01/14/2020 | Profit-Taking Hits Gold ETFs on Price Spike, Silver's SLV Shrinks 1,000 Tonnes from Peak
GOLD BULLION prices rallied weakly off 7-session lows against the US Dollar on Tuesday, trading at $1543 per ounce – more than 4% below last week's new 7-year high – as the US extended an olive branch to China ahead of signing their 'phase one' trade deal tomorrow.
Washington overnight removed Beijing from its list of "currency manipulators", cancelling its accusation that the politburo unfairly depressed the Yuan on the FX market to make China's exports more competitive.
Iran meantime said it has arrested people involved in the military shooting down of a Ukrainian airliner, killing 168 people, amid last Wednesday's rocket attack on US targets in Iraq.
With US Dollar gold prices still rising 2.3% to new 7-year highs so far in 2020, the 5 largest gold-backed ETF products listed in North America, led by the giant GLD and IAU trust funds, have now seen 1.0% liquidation by shareholders.
That profit-taking has pulled the quantity of bullion needed to back those top 5 exchange-traded gold funds down beneath 1,354 tonnes, the smallest since late September according to data compiled by the mining industry's World Gold Council.
With gold priced in Euros up 2.6% meantime to new record highs, and the UK gold price in Pounds per ounce rising 3.1% from New Year, the top 5 largest gold ETFs listed in Western Europe have held unchanged overall, needing just less than 720 of gold bullion – also held in commercial bank vaults – to back their stock-market value.
"Positioning and sentiment" are a potential "headwind" for gold prices in 2020, says a New Year outlook from strategist Nicky Shiels at Canadian retail, investment and bullion bank Scotia.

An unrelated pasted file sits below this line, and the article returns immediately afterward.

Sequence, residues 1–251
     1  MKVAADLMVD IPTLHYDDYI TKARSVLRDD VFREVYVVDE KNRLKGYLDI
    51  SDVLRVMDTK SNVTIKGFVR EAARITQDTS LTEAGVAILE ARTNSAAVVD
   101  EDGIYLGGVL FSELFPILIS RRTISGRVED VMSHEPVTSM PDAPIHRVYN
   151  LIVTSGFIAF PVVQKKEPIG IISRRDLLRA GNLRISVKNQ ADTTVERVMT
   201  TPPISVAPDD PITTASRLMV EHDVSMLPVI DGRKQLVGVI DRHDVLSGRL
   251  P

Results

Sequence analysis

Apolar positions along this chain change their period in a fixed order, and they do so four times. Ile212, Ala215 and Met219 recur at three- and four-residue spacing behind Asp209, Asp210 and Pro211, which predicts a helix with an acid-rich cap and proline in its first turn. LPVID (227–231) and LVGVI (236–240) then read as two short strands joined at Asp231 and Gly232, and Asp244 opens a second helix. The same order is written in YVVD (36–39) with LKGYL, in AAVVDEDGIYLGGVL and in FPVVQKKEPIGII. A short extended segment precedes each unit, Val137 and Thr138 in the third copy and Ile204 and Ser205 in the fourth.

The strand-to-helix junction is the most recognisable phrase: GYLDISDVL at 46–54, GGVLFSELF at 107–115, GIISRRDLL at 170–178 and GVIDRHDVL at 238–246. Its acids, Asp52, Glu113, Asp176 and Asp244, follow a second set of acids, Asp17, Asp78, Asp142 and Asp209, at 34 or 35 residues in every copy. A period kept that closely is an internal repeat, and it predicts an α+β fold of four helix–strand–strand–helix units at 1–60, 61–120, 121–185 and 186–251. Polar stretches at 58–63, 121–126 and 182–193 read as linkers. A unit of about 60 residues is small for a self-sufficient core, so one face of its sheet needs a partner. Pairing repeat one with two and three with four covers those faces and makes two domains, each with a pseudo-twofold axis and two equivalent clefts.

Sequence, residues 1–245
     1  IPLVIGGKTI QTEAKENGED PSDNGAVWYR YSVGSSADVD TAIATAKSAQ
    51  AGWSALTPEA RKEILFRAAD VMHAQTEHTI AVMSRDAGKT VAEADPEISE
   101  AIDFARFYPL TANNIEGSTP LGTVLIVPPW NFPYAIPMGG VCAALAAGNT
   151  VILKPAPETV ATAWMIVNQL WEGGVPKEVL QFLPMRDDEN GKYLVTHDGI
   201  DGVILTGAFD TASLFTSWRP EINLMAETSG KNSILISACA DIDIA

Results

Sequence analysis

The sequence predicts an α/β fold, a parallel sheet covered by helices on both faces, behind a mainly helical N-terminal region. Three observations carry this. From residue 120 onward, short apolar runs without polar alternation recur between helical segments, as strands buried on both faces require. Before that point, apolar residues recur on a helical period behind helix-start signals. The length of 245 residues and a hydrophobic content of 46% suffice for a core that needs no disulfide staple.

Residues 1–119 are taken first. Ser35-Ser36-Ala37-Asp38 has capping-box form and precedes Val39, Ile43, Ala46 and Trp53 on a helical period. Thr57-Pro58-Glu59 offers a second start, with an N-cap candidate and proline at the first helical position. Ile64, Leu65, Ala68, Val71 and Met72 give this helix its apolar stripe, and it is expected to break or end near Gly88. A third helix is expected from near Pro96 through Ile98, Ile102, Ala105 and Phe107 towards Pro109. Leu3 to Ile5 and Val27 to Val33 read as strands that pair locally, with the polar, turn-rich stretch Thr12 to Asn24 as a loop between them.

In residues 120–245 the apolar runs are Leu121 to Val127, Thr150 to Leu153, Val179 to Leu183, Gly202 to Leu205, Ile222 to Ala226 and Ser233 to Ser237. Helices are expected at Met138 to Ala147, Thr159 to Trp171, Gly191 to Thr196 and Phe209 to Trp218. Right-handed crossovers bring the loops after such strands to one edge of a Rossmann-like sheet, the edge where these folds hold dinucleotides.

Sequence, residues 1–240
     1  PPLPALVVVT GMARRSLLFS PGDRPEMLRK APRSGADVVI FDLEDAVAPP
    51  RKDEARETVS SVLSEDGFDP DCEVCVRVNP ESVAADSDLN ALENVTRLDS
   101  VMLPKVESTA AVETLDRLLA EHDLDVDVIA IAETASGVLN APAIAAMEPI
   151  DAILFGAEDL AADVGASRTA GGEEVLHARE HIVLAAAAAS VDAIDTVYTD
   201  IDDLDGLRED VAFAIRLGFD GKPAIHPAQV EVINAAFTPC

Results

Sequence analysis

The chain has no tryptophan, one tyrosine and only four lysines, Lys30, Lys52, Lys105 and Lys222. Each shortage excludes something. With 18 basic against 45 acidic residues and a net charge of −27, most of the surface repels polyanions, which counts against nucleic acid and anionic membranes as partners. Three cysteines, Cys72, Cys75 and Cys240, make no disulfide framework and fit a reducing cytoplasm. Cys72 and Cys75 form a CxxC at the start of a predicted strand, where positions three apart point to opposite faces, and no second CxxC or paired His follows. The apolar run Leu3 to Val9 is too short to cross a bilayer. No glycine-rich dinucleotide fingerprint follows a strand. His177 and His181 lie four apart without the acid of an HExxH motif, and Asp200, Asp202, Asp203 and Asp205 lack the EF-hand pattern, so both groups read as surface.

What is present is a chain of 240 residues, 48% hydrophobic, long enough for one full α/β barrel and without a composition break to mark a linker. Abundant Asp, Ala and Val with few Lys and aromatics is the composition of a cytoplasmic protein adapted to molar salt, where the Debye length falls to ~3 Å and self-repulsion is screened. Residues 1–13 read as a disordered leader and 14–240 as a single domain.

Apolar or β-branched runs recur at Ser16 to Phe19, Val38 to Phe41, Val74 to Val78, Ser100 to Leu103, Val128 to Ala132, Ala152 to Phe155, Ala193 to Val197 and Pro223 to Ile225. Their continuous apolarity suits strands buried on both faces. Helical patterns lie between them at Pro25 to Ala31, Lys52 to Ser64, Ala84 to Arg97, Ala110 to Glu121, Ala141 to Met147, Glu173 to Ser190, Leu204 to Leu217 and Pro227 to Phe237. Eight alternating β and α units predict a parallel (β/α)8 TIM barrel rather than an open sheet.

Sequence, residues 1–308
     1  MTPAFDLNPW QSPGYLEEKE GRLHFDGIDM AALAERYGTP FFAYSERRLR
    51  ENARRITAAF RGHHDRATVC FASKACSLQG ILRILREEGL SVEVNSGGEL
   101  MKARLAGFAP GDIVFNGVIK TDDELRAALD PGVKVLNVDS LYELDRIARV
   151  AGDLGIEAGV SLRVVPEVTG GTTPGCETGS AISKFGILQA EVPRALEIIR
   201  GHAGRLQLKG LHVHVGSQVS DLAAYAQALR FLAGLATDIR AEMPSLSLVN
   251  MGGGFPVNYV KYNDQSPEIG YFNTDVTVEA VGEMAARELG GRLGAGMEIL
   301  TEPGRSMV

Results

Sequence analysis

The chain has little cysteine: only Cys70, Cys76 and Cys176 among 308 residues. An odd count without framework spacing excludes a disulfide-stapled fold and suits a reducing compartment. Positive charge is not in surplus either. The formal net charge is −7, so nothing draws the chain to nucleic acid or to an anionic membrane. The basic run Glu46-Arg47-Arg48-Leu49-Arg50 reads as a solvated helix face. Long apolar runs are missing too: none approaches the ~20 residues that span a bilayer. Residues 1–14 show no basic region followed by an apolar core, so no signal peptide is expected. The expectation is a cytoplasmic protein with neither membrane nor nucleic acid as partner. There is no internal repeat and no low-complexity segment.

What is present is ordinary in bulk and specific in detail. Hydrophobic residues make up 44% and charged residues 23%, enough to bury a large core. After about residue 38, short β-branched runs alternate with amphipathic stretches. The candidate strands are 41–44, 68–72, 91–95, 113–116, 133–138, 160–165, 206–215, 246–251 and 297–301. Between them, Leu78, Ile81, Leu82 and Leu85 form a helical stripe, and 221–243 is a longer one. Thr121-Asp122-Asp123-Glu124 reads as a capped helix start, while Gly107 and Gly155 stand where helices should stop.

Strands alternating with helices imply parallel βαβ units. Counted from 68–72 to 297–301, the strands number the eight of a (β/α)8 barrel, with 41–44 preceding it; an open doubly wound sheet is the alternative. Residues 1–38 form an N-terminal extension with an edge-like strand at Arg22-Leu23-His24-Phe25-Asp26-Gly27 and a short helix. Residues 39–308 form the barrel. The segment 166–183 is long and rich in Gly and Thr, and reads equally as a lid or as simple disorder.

"Fast money is well in-the-money," Shiels writes, pointing to short-term ETF traders as well Comex gold futures and options players plus perhaps physical-account holders trading through London - heart of the global bullion market.
For these traders, "Positioning saturation [is] leading to downsizing; however the generalist investor remains largely underweight."
Giant silver-backed ETF the iShares Silver Trust (NYSEArca: SLV) meantime shrank another 0.4% on Monday, its 4th day of liquidation in 8 sessions so far in 2020.
That took the number of SLV shares in issue down to the smallest since July, with outflows of silver bullion from the trust now totalling more than 1,000 tonnes – equal to 15 days global mine production – since the trust's size set a new peak in September.
Now needing 11,063 tonnes of silver bullion to back its value, the SLV ended Monday holding the equivalent of nearly 6 months' global mining output.
The July-to-September period saw a flood of hedge funds and other managed money traders into the SLV, US regulatory filings show, taking institutional ownership of the silver ETF up from 17% at the end of Q2 2019 to 24% of all shares in issue at the end of Q3.
That surge in fund management holdings drove nearly three-fifths of the SLV trust's 19% expansion between end-June and end-September.
The SLV charges its shareholders 0.48% per year in management fees.
On average, both the 5 largest North American gold-backed ETF trust funds and their 5 largest European counterparts charge investors 0.31% per year.
Storing and insuring physical bullion owned directly – rather than mediated through a legal trust-fund structure – runs as cheap as 0.12% for private investors.
Back in Tuesday's action, silver prices rallied in London trade from an overnight drop to the lowest since Christmas Eve at $17.69 per ounce.
Major government bond prices edged higher, nudging 10-year German Bund rates down to -0.18% and keeping the rate offered to new buyers of 10-year US Treasury debt at 1.84%, right in line with its average of the last 3 months.
World stock markets were mixed, with Asian and European exchanges split between gains and losses, after the MSCI ACWI index closed Monday at a fresh all-time high, gaining 1.4% for 2020 to date in US Dollar terms.
UK Prime Minister Boris Johnson today called for the 2015 Iranian nuclear deal to be replaced by what he called "the Trump deal".
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